Alan Lomax is legendary in the field of American music -- he and his father John were largely responsible for preserving a whole musical tradition: chain gang songs and work songs written and passed along by African-Americans for decades. This is what folk music is about: people hear a song from someone, then make it their own and pass it on to others, who change it some more. If you look at the wide variety of lyrics and tunes we've heard about Stag, you'll notice that (until Lloyd Price's 1959 recording, at least) each version is different in some way from all the others.
This is a bare-bones, a capella version of Stag, with a lot of lyrics we've never heard before (Stag tells Billy that if he loves his kids so much he'll have to catch up with them in heaven) and quotes from "Alberta" and "Junker's Blues." (Like Stag, "Junker's Blues" -- aka "Junco Partner" -- has also been covered by Fats Domino, Lloyd Price, Professor Longhair, Dr. John and The Clash -- I smell a Multiple Mondays post of this in the indeterminate near future.) This recording was performed live by a prisoner, in 1947 in the infamous Parchman Penitentiary. You can hear the atmosophere of the jailhouse, with a wicked echo and other people shouting in the background. This is so rough and so raw I can't help but wonder about Bama -- he was gone from Parchman the next year when Lomax returned to record more songs, but he tells us in an interview on this same disc that he's been in and out of prison for the past 18 years.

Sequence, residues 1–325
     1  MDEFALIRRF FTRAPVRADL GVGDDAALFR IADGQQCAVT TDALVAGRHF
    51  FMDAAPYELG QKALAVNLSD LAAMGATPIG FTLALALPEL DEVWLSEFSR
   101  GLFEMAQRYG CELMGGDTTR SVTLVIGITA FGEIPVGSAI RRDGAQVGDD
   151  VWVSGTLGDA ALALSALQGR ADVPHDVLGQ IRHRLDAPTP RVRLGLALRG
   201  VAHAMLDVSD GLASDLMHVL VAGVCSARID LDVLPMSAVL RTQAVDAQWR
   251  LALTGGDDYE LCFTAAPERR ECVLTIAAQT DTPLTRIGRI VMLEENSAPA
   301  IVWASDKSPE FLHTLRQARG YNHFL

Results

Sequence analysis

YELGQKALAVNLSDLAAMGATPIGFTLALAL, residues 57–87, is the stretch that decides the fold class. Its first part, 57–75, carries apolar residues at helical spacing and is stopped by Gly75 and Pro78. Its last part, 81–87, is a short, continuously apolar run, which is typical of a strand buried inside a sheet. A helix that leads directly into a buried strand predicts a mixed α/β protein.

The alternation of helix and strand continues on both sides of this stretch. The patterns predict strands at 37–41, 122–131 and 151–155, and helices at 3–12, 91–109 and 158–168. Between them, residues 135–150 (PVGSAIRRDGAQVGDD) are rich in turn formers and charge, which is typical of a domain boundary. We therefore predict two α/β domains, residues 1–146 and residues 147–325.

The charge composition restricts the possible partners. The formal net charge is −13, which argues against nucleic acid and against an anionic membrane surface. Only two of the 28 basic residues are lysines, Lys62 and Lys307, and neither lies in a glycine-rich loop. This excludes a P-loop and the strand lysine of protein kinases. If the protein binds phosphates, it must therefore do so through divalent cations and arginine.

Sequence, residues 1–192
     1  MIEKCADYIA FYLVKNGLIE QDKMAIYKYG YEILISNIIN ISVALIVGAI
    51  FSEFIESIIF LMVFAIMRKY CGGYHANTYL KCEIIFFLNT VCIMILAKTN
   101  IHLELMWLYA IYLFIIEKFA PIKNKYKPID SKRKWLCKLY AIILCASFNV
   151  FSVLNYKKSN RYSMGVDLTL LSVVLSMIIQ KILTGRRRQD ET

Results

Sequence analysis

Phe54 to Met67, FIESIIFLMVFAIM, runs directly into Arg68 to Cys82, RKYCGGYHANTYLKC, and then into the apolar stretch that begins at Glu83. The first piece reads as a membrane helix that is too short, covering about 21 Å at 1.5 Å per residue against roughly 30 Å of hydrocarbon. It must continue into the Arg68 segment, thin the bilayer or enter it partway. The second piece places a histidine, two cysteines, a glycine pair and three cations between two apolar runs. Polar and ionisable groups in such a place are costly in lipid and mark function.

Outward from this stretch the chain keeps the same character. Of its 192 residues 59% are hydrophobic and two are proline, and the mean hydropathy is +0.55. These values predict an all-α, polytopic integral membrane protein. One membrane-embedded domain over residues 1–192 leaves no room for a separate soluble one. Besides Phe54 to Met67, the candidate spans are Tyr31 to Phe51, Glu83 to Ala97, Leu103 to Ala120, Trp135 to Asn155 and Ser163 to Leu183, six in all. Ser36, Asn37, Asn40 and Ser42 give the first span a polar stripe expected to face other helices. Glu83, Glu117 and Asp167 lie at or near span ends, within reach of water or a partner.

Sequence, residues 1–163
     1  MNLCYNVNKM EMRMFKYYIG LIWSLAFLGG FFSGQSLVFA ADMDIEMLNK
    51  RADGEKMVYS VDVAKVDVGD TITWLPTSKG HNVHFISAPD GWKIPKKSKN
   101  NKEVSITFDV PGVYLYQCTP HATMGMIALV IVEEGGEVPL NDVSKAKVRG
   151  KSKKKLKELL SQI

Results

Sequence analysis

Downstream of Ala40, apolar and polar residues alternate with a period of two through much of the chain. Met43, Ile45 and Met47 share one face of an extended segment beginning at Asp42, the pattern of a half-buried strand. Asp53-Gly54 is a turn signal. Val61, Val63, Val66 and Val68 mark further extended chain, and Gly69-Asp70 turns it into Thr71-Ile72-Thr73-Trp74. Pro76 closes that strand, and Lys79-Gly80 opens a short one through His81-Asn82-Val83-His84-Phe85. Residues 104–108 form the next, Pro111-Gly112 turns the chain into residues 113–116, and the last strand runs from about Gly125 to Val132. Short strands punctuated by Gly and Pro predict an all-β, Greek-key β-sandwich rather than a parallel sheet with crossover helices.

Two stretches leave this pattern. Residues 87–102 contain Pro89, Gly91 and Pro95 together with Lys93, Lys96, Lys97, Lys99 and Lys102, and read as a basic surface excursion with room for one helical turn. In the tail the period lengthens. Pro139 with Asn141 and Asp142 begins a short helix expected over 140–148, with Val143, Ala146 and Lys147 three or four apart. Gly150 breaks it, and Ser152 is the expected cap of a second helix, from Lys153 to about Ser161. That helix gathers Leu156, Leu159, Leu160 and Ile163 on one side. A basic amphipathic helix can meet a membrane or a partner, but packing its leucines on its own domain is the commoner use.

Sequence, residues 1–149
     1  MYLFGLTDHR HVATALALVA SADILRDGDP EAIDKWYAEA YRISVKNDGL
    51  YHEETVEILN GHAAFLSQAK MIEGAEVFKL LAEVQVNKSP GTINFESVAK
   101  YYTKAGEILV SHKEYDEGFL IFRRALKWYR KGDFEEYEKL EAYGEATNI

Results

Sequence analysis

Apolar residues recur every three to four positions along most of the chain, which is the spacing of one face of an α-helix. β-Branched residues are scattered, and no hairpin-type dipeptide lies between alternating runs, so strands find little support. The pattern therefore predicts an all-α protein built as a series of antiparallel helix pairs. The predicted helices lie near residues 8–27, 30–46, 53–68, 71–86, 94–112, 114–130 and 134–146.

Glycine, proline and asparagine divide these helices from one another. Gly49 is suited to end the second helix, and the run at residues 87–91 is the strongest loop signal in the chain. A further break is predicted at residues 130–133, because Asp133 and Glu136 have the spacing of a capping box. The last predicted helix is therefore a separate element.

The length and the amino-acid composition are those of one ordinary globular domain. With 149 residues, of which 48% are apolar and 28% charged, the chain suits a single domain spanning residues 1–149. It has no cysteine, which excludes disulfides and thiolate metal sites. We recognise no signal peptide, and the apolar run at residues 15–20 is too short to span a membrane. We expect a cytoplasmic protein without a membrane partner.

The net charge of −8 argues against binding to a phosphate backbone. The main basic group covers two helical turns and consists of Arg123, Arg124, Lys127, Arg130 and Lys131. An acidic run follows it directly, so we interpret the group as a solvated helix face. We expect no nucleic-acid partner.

This whole disc is so chilling and affecting that I cannot recommend highly enough that you use that buy link this week. The used CDs start at two bucks, or Amazon will sell you the whole download for only $5. I'll be posting at least one more track from this sometime soon, but go ahead and buy it now.